The aim of the month is, and always has been, to celebrate our French experiences through reading, watching, listening, observing, cooking and eating all things French!

    There are no rules or targets in terms of how much you need to do or complete in order to be a part of this experience – just blog about anything French and you can join in! Some ideas might include.

•    Reading a French book - fiction or non-fiction
•    Watching a French movie
•    Listening to French music
•    Cooking French food
•    Experiencing French art, architecture or travel (lucky Tamara!)
•    Or anything else French inspired you can think of..

So, I'm looking forward to a virtual trip to Paris with my friends. Here are my plans:


I searched my TBR pile for books that take place in Paris and found the following (I'm probably not going to be reading all three of them in July but I'll start):
Clarke, Stephen "Merde actually" - 2005
McLain, Paula "The Paris Wife" - 2012
Simenon, Georges "Maigret Sets a Trap" (Maigret tend un piège) (Maigret #48) - 1958

Which reminds me, I should probably review the first French book I ever read. Or re-read it soon:
"Bonjour Tristesse" by Françoise Sagan. (Goodreads)

We have a couple of movies on our shelf that we like to watch again and again, I'll put them in alphabetical order since I can't judge which ones are my favourites. I will probably rewatch the Maigret series with Rowan Atkinson again since I haven't seen them that often:
"La Boum" (The Party) and "La Boum 2" (The Party 2) w. Sophie Marceau and Claude Brasseur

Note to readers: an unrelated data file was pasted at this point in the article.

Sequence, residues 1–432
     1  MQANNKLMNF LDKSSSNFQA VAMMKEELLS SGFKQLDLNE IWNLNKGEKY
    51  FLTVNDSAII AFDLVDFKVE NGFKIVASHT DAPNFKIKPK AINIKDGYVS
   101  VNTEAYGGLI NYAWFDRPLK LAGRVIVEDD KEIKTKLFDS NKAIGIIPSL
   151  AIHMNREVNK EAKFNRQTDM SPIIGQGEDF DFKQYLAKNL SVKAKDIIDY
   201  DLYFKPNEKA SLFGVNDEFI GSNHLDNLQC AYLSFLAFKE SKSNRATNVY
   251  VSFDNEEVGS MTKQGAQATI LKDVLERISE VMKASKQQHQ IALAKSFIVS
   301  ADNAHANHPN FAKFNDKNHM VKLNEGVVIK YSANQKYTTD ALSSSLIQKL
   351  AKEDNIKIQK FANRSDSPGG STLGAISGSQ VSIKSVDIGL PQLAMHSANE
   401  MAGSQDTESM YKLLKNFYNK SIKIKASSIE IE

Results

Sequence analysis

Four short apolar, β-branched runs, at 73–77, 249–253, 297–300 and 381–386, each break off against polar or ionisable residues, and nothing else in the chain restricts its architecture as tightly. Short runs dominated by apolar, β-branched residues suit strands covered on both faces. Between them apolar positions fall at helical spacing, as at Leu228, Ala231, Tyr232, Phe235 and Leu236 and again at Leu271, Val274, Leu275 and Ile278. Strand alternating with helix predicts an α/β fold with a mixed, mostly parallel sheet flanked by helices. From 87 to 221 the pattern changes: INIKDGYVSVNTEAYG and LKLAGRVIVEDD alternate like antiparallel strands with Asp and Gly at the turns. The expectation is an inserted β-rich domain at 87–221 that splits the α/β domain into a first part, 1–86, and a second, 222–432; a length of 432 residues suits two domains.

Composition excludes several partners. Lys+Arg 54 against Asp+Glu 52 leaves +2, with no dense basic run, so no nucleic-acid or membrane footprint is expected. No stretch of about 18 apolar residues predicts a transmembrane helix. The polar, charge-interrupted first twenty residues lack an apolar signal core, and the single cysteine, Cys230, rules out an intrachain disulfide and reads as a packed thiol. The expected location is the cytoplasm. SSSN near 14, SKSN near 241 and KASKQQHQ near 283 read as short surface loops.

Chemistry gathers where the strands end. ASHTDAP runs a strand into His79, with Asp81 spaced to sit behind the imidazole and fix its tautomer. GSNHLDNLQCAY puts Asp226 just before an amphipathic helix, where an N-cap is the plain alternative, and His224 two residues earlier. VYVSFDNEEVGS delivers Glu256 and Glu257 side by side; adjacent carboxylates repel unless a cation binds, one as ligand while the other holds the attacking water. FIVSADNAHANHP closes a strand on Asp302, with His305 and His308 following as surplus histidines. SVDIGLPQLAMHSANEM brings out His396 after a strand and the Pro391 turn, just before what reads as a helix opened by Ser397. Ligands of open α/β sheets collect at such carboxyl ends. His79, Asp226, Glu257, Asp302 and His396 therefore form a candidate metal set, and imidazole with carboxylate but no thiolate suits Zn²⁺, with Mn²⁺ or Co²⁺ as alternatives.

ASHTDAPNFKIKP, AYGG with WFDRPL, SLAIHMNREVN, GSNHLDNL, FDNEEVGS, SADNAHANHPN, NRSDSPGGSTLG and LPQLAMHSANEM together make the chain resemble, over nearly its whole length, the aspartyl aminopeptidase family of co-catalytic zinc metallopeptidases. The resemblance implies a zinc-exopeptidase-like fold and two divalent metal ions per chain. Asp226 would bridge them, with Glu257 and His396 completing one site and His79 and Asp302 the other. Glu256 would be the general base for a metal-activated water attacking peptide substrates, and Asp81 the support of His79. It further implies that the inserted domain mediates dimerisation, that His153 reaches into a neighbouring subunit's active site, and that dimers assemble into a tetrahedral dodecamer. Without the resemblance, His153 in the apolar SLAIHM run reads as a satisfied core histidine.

"Charade" w. Audrey Hepburn and Cary Grant
"Un éléphant ça trompe énormément" (Pardon mon affaire) w. Jean Rochefort and Claude Brasseur
"L'Etudiante" (The Student) w. Sophie Marceau and Vincent Lindon
"French Kiss" w. Meg Ryan and Kevin Kline
"Funny Face" w. Audrey Hepburn and Fred Astaire
"Gigi" w. Leslie Caron, Maurice Chevalier and Louis Jourdan
"Maigret" w. Rowan Atkinson:
"Maigret Sets a Trap"
"Maigret's Dead Man"
"Maigret: Night at the Crossroads"
"Maigret in Montmartre"

One of my favourite French singers is Jacques Brel. I know, he's not French but he's lived there for a long time. I also love Georges Moustaki and several other singers from that genre and time. So, I'll probably get out my old CDs and listen to them during the month.

Monet is one of my favourite artists, so I'll check out my art books and souvenirs I brought home from several visits to museums and Monet exhibitions.

If you are looking for more books about France, have a look here.

My Paris in July posts this year:
Eyewitness Guide Paris

de Brunhoff, Jean "The Story of Babar" (Histoire de Babar le petit éléphant) - 1934
Simenon, Georges "Maigret Sets a Trap" (Maigret #48) (Maigret tend un piège) - 1958
McLain, Paula "The Paris Wife" - 2012
Clarke, Stephen "Merde actually" - 2005

And for my other Paris in July years, see here.

🇫🇷 Paris in July 2022 🇫🇷

Tuesday 22 June 2021

Top Ten Tuesday ~ Top Ten Books I would love to read again for the first time


"Top Ten Tuesday" is an original feature/weekly meme created on the blog "The Broke and the Bookish". This feature was created because they are particularly fond of lists at "The Broke and the Bookish".

It is now hosted by Jana from That Artsy Reader Girl.